The Health Equity Blog’s mission is to contribute to the discussion of health policy using evidence and research, to explore the opportunities for health equity through policy change, to raise awareness about health disparities, and to increase public advocacy for health equality.

According to the CDC, “Health equity is achieved when every person has the opportunity to ‘attain his or her full health potential’ and no one is ‘disadvantaged from achieving this potential because of social position or other socially determined circumstances.’”

Achievement of full health potential is necessary in all aspects of life – from running errands to relationships with loved ones. Some people are born into environments that limit their ability to achieve their full health potential. We believe that because society created many health inequalities, society can also fix them.

Monday, August 5, 2013

What Health Reform Means to You and Me

The Law
The Affordable Care Act was signed into law by President Obama in March 2010.  Most of the provisions haven’t gone into effect yet, so many people still wonder what health reform will mean to them.  The next, and biggest, provision to go into effect happens on October 1st when health insurance marketplaces will begin open enrollment for plans starting in January of 2015.  The plans offered in these marketplaces need to provide at least the following basic health coverages (Healthcare.gov):

  • Ambulatory patient services
  • Emergency services
  • Hospitalization
  • Maternity and newborn care
  • Mental health and substance use disorder services, including behavioral health treatment
  • Prescription drugs
  • Rehabilitative and habilitative services and devices
  • Laboratory services
  • Preventive and wellness services and chronic disease management
  • Pediatric services

The law also requires that all plans cover certain preventive services at no cost, including immunizations and screening for common health issues like high blood pressure.  For more info check out Healthcare.gov’s breakdown here https://www.healthcare.gov/what-are-my-preventive-care-benefits/.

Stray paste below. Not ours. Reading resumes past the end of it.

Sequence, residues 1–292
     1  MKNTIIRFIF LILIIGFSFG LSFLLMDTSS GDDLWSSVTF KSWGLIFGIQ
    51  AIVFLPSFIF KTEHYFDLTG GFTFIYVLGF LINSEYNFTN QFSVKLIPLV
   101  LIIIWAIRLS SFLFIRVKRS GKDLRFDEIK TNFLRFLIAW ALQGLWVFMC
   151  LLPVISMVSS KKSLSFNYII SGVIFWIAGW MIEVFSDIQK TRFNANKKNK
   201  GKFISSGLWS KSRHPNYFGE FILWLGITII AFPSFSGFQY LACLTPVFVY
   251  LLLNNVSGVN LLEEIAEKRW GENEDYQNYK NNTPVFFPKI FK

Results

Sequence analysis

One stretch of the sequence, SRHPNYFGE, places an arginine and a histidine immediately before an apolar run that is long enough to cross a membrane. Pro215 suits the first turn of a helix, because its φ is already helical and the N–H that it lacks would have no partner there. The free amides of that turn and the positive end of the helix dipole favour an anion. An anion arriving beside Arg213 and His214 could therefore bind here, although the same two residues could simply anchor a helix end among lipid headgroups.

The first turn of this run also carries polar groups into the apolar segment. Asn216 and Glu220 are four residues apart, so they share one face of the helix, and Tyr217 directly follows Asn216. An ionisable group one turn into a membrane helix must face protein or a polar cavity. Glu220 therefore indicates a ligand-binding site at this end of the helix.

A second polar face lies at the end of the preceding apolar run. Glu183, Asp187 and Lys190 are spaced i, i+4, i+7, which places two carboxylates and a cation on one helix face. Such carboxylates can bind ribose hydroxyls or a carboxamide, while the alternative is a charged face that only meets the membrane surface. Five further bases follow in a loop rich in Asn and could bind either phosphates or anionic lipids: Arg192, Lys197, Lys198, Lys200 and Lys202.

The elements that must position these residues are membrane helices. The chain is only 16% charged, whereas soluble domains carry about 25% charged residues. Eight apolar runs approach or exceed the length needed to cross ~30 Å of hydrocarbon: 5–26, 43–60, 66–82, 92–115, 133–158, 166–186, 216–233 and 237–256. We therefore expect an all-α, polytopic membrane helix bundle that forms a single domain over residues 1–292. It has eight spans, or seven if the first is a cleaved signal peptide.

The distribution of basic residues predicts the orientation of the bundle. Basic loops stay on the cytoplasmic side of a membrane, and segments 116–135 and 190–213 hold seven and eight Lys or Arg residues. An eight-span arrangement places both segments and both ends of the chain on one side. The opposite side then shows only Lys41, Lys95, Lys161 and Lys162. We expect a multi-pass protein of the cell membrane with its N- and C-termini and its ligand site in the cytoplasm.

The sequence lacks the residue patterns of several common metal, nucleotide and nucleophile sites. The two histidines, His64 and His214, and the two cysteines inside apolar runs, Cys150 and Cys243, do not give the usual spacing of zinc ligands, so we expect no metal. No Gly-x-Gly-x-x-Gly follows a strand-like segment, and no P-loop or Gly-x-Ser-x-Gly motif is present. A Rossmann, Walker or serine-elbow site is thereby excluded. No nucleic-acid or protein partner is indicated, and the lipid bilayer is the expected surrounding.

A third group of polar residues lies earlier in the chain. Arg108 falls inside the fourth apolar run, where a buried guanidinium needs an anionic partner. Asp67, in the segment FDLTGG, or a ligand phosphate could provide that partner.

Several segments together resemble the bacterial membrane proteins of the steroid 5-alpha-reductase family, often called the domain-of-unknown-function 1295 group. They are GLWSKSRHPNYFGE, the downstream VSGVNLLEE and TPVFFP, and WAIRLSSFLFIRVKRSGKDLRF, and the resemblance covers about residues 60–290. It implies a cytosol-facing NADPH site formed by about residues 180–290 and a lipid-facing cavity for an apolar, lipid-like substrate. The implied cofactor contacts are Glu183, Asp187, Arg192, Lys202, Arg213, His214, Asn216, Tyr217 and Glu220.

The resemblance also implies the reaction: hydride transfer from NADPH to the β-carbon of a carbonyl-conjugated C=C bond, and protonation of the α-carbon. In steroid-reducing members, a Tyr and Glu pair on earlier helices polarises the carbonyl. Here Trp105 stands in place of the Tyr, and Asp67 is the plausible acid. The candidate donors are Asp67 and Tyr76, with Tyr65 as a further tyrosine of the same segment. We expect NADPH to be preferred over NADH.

What Happened In Massachusetts
    Many people are worried about how the law will affect insurance prices, their personal budgets and government spending.  The good news is we can use Massachusetts to get an idea of what may happen.  Massachusetts passed Health Reform in 2006, and the federal law is largely modeled after it.  Here’s what has happened in MA over the last 7 years.
1.) Health insurance rates increased -  Massachusetts has the highest rate of health insurance in the country with 98.1% insured at some point in the year (mahealthconnector.org) and 96% insured year round (http://www.hhs.gov/healthcare/facts/bystate/ma.html) compared to 81.8% nationally (CDC). 
2.) Uninsurance rates fell the most for minorities going from 15% uninsured to 3.4% for African Americans and from 20% to 9.2% for Hispanics. (Study: Romneycare Didn't Increase Hospital Costs)
3.) The State budget increased.  Getting near universal coverage in a fair and equitable way unsurprisingly costs money; however, health reform only increased the budget by 1% (mahealthconnector.org) and Massachusetts purposely left out cost containment from the bill with the idea that those measures would be passed later.
4.) Premiums and health care use did not increase faster than they would have.  When increases in premiums and use were compared to New Jersey, New York and Pennsylvania (similar states without health reform), there were few to no differences.  Yes, Massachusetts has the highest premiums in the nation, but that was true before health reform. (Study: Romneycare Didn't Increase Hospital Costs)
5.) Finding and understand health insurance got easier.  As a resident of Massachusetts who has purchased health insurance through the Connector twice now, I can honestly say that the process is very straightforward.  It is never easy to understand everything about how you will be covered with health insurance, but the bronze, silver and gold ratings make it easier to get a general idea without reading hours of technical insurance documents.  Below is a snapshot from mahealthconnector.org to help you get an idea of what Massachusett's exchange looks like.

    Though you can never know everything that will come from a law the magnitude of the Affordable Care Act, most of the evidence we have so far suggests positive results.  With the recent releases of lower than expected premium rates from Maryland, New York, Oregon, Montana, California and Louisiana, it looks like states other than Massachusetts will be able to benefit from universal (or near to) health care coverage.

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